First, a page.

by Thalles Silva
Let’s say there’s a very cool party going on in your neighborhood that you really want to go to. But, there is a problem. To get into the party you need a special ticket — that was long sold out.
Wait up! Isn’t this a Generative Adversarial Networks article? Yes it is. But bear with me for now, it is going to be worth it.
OK, since expectations are very high, the party organizers hired a qualified security agency. Their primary goal is to not allow anyone to crash the party. To do that, they placed a lot of guards at the venue’s entrance to check everyone’s tickets for authenticity.
Since you don’t have any martial artistic gifts, the only way to get through is by fooling them with a very convincing fake ticket.
There is a big problem with this plan though — you never actually saw how the ticket looks like.
Even if you design a ticket based on your creativity, it’s almost impossible to fool the guards at your first trial. Besides, you can’t show your face until you have a very decent replica of the party’s pass.
To help solve the problem, you decide to call your friend Bob to do the job for you.
Bob’s mission is very simple. He will try to get into the party with your fake pass. If he gets denied, he will come back to you with useful tips on how the ticket should look like.
Based on that feedback, you make a new version of the ticket and hand it to Bob, who goes to try again. This process keeps repeating until you become able to design a perfect replica.
Putting aside the ‘small holes’ in this anecdote, this is pretty much how Generative Adversarial Networks (GANs) work.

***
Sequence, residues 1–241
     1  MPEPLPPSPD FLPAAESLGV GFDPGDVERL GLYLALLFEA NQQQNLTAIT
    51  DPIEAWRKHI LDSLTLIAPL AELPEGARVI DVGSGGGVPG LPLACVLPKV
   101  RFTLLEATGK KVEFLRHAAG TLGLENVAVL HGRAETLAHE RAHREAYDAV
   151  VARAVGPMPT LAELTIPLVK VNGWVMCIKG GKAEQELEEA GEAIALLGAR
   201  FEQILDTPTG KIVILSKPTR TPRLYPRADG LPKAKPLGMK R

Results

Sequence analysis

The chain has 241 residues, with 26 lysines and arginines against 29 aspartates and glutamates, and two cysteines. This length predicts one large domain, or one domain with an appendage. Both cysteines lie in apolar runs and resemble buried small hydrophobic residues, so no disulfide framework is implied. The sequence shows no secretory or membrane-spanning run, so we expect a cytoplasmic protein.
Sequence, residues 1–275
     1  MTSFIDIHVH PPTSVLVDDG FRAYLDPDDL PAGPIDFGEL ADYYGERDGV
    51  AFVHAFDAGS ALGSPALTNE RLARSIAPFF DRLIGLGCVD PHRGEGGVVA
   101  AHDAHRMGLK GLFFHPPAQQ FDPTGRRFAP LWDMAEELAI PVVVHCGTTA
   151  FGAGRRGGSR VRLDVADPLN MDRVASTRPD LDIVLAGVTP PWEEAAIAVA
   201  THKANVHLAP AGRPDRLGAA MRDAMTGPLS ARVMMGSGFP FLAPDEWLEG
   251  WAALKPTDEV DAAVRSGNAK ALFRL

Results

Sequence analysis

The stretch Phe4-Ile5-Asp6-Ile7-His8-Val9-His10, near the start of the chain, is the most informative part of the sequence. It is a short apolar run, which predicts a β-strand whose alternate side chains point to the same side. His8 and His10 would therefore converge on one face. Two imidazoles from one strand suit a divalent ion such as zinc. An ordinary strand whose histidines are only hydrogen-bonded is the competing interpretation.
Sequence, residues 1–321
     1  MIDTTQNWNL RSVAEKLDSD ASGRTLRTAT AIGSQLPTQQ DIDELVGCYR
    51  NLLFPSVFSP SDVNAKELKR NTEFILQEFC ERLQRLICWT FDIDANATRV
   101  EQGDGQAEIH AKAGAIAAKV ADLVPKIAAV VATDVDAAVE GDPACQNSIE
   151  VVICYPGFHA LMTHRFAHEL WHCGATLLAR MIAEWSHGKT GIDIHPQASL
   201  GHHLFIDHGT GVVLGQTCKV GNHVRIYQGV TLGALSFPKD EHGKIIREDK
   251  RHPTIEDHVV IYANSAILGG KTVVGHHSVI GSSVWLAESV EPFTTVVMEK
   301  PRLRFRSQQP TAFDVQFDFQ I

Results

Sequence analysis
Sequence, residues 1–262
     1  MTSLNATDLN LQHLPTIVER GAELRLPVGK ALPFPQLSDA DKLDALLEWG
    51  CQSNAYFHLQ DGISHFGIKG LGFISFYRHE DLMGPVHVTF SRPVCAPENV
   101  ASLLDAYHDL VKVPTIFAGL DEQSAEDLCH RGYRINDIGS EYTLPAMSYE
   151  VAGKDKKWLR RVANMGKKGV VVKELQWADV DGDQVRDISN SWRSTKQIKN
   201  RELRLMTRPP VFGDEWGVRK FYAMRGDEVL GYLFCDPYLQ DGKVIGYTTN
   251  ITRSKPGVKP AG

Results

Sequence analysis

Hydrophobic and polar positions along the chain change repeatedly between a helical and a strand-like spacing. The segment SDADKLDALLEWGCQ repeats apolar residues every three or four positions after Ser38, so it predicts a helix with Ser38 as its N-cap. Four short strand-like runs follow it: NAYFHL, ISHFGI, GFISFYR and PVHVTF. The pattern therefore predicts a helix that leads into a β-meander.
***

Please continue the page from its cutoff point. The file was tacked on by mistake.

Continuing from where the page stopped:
Nowadays, most of the applications of GANs are in the field of computer vision. Some of the applications include training semi-supervised classifiers, and generating high resolution images from low resolution counterparts.
This piece provides an introduction to GANs with a hands-on approach to the problem of generating images. You can clone the notebook for this post here.
Generative Adversarial Networks
GANs are generative models devised by Goodfellow et al. in 2014. In a GAN setup, two differentiable functions, represented by neural networks, are locked in a game. The two players (the generator and the discriminator) have different roles in this framework.
The generator tries to produce data that come from some probability distribution. That would be you trying to reproduce the party’s tickets.
The discriminator acts like a judge. It gets to decide if the input comes from the generator or from the true training set. That would be the party’s security comparing your fake ticket with the true ticket to find flaws in your design.
In summary, the game follows with:
- The generator trying to maximize the probability of making the discriminator mistakes its inputs as real.
- And the discriminator guiding the generator to produce more realistic images.
In the perfect equilibrium, the generator would capture the general training data distribution. As a result, the discriminator would be always unsure of whether its inputs are real or not.